Applied tests of design skills: Divergent thinking data analysis and reliability studies

Jami J. Shah, Roger E. Millsap, Jay Woodward, S. M. Smith

Research output: Chapter in Book/Report/Conference proceedingConference contribution

5 Scopus citations

Abstract

A number of cognitive skills relevant to conceptual design were identified. They include Divergent Thinking, Visual Thinking, Spatial Reasoning, Qualitative Reasoning and Problem Formulation. A battery of standardized tests have been developed for these skills. We have previously reported on the contents and rationale for divergent thinking and visual thinking tests. This paper focuses on data collection and detailed statistical analysis of one test, namely the divergent thinking test. This particular test has been given to over 500 engineering students and a smaller number of practicing engineers. It is designed to evaluate four direct measures (fluency, flexibility, originality, quality) and four indirect measures (abstractability, afixability, detailability, decomplexability). The eight questions on the test overlap in some measures and the responses can be used to evaluate several measures independently (e.g., fluency and originality can be evaluated separately from the same idea set). The data on the 23 measured variables were factor analyzed using both exploratory and confirmatory procedures. Two variables were dropped from these exploratory analyses for reasons explained in the paper. For the remaining 21 variables, a four-factor solution with correlated (oblique) factors was deemed the best available solution after examining solutions with more factors. Five of the 21 variables did not load meaningfully on any of the four factors. These indirect measures did not appear to correlate strongly either among themselves, or with the other direct measures. The remaining 16 variables loaded on four factors as follows: The four factors correspond to the different measures belonging to each of the four questions. In other words, the different fluency, flexibility, or originality variables did not form factors limited to these forms of creative thinking. Instead the analyses showed factors associated with the questions themselves (with the exception of questions corresponding to indirect measures). The above four-factor structure was then taken into a confirmatory factor analytic procedure that adjusted for the missing data. After making some adjustments, the above four-factor solution was found to provide a reasonable fit to the data. Estimated correlations among the four factors (F) ranged from a high of .32 for F1 and F2 to a low of .06 for F3 and F4. All factor loadings were statistically significant.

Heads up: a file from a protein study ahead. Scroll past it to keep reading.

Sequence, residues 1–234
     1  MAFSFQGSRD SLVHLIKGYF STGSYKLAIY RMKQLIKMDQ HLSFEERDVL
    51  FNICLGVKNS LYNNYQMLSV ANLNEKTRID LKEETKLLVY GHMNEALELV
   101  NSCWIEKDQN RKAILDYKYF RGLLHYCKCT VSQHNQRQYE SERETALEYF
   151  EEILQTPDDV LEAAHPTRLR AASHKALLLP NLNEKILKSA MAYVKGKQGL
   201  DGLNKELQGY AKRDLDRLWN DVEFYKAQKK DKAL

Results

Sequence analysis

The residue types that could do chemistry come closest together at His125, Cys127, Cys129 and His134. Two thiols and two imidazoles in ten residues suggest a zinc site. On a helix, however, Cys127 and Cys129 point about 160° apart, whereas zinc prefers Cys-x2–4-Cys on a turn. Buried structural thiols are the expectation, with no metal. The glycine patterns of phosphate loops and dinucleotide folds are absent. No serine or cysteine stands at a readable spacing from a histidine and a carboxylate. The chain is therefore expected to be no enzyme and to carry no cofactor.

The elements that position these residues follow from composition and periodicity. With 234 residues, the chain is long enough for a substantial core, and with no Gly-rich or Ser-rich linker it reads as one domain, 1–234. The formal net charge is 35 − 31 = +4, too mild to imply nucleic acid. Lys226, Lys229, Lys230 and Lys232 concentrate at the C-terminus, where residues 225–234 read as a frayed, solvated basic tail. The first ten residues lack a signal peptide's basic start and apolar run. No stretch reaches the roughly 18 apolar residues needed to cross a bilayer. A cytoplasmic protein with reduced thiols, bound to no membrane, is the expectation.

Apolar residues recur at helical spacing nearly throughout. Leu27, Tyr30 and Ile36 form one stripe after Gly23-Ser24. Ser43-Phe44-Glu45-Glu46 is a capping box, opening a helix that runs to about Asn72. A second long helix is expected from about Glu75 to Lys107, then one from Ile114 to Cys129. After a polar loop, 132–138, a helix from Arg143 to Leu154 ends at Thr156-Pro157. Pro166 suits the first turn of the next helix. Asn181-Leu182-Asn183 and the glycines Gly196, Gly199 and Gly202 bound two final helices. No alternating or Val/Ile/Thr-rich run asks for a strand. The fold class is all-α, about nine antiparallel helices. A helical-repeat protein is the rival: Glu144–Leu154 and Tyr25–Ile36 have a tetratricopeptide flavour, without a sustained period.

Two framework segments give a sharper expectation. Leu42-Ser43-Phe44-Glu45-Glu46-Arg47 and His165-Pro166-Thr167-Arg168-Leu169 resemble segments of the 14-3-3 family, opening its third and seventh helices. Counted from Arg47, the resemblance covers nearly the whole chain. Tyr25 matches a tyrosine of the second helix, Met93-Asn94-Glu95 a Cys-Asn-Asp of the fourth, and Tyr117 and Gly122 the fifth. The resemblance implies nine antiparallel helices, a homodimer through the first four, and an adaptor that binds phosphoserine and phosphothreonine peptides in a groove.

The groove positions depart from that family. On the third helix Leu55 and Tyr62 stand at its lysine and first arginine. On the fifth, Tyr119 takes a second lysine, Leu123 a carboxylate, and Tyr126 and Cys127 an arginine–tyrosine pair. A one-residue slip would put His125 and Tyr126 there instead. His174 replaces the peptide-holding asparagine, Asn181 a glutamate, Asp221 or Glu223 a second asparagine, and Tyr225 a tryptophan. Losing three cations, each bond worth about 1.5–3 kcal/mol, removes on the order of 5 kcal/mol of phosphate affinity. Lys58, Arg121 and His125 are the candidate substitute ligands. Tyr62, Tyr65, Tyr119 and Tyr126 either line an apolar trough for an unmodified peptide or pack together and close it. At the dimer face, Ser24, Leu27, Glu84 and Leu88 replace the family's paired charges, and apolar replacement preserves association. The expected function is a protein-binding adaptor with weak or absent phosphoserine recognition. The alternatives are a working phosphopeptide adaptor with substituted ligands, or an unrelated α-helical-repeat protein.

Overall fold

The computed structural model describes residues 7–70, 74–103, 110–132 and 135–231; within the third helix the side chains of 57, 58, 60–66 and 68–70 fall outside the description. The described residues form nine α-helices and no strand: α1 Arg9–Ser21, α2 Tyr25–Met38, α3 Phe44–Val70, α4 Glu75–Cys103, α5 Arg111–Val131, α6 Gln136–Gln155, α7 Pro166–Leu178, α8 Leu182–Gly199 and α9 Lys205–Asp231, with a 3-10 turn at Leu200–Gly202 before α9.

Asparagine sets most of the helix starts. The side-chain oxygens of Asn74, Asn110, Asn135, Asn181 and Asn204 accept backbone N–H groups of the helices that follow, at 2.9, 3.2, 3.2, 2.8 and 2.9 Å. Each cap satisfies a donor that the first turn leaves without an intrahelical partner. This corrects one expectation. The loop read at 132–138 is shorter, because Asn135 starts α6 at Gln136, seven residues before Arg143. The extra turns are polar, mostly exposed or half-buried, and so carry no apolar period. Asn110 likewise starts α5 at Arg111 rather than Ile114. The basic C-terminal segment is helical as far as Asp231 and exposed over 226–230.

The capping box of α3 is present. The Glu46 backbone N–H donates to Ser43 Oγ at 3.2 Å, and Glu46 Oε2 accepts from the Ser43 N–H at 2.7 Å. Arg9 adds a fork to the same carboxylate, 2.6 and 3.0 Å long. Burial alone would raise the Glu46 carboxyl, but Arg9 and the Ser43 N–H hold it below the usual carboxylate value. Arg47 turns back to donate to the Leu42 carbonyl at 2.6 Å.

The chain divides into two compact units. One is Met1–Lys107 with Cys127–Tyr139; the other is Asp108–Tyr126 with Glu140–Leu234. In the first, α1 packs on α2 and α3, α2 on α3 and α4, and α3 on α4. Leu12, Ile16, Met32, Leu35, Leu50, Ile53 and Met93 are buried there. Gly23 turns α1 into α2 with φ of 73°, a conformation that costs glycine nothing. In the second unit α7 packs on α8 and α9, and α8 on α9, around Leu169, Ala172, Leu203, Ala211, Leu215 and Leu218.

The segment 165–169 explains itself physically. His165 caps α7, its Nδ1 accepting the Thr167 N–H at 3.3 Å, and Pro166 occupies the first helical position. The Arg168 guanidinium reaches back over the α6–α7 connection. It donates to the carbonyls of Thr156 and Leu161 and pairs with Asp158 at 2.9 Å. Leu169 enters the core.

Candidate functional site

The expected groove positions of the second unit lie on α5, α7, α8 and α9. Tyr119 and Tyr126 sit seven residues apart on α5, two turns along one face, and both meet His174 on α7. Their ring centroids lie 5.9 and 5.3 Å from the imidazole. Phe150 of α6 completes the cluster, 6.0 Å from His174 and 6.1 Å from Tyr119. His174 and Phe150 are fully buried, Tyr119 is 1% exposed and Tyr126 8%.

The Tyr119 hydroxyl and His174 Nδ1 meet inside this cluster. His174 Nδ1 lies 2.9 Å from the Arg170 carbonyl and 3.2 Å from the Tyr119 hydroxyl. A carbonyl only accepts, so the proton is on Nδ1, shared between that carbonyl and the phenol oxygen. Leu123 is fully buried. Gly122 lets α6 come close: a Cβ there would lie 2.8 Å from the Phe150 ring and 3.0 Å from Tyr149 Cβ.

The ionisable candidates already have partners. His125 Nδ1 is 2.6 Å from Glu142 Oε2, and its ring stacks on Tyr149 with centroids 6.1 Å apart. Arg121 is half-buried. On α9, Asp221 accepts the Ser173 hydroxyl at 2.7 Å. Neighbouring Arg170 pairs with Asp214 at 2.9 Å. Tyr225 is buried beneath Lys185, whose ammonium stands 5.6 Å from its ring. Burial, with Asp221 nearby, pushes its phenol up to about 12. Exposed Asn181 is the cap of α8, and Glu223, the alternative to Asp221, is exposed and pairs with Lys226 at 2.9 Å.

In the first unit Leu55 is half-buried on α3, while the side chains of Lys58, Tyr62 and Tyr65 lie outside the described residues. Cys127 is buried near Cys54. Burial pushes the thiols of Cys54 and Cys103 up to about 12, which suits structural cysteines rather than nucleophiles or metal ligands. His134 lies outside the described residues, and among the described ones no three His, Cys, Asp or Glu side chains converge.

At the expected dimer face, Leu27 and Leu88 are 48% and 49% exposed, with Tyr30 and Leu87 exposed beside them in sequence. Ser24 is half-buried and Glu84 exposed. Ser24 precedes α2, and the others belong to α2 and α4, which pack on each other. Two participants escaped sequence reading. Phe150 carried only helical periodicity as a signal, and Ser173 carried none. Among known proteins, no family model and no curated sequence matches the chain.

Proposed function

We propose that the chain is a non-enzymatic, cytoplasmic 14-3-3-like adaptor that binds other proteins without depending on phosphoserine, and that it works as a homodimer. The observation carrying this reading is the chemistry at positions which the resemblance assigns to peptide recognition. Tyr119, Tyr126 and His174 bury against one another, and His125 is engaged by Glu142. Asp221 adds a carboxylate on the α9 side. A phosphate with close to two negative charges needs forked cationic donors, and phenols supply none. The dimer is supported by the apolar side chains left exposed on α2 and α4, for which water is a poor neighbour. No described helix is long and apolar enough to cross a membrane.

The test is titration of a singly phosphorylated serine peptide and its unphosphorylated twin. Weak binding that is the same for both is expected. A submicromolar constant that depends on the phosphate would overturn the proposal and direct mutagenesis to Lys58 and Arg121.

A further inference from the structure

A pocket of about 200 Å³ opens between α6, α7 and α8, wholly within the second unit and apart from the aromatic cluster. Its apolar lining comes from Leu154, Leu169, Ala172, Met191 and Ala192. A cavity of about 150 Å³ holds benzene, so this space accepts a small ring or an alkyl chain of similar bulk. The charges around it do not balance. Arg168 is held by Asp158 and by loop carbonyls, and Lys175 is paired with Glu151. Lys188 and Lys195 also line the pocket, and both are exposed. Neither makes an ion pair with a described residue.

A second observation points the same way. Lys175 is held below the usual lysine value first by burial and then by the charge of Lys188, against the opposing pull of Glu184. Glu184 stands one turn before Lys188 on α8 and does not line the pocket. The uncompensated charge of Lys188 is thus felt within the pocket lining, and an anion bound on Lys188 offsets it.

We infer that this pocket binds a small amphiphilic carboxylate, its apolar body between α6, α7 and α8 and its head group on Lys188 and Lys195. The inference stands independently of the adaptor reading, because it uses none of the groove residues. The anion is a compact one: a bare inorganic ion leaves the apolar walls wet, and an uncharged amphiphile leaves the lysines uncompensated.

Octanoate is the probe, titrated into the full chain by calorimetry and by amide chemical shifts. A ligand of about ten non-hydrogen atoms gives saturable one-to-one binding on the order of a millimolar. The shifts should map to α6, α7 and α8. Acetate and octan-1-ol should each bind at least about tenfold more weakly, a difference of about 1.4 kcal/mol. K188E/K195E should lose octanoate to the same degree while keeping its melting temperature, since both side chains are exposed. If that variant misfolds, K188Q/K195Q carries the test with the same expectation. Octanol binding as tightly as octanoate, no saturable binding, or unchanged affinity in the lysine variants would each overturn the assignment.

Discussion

Original languageEnglish (US)
Title of host publicationASME 2010 International Design Engineering Technical Conferences and Computers and Information in Engineering Conference, IDETC/CIE2010
Pages367-380
Number of pages14
DOIs
StatePublished - Dec 1 2010
EventASME 2010 International Design Engineering Technical Conferences and Computers and Information in Engineering Conference, IDETC/CIE2010 - Montreal, QC, Canada
Duration: Aug 15 2010Aug 18 2010

Publication series

NameProceedings of the ASME Design Engineering Technical Conference
Volume5

Other

OtherASME 2010 International Design Engineering Technical Conferences and Computers and Information in Engineering Conference, IDETC/CIE2010
CountryCanada
CityMontreal, QC
Period8/15/108/18/10

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ASJC Scopus subject areas

  • Modeling and Simulation
  • Mechanical Engineering
  • Computer Science Applications
  • Computer Graphics and Computer-Aided Design

Cite this

Shah, J. J., Millsap, R. E., Woodward, J., & Smith, S. M. (2010). Applied tests of design skills: Divergent thinking data analysis and reliability studies. In ASME 2010 International Design Engineering Technical Conferences and Computers and Information in Engineering Conference, IDETC/CIE2010 (pp. 367-380). (Proceedings of the ASME Design Engineering Technical Conference; Vol. 5). https://doi.org/10.1115/DETC2010-28886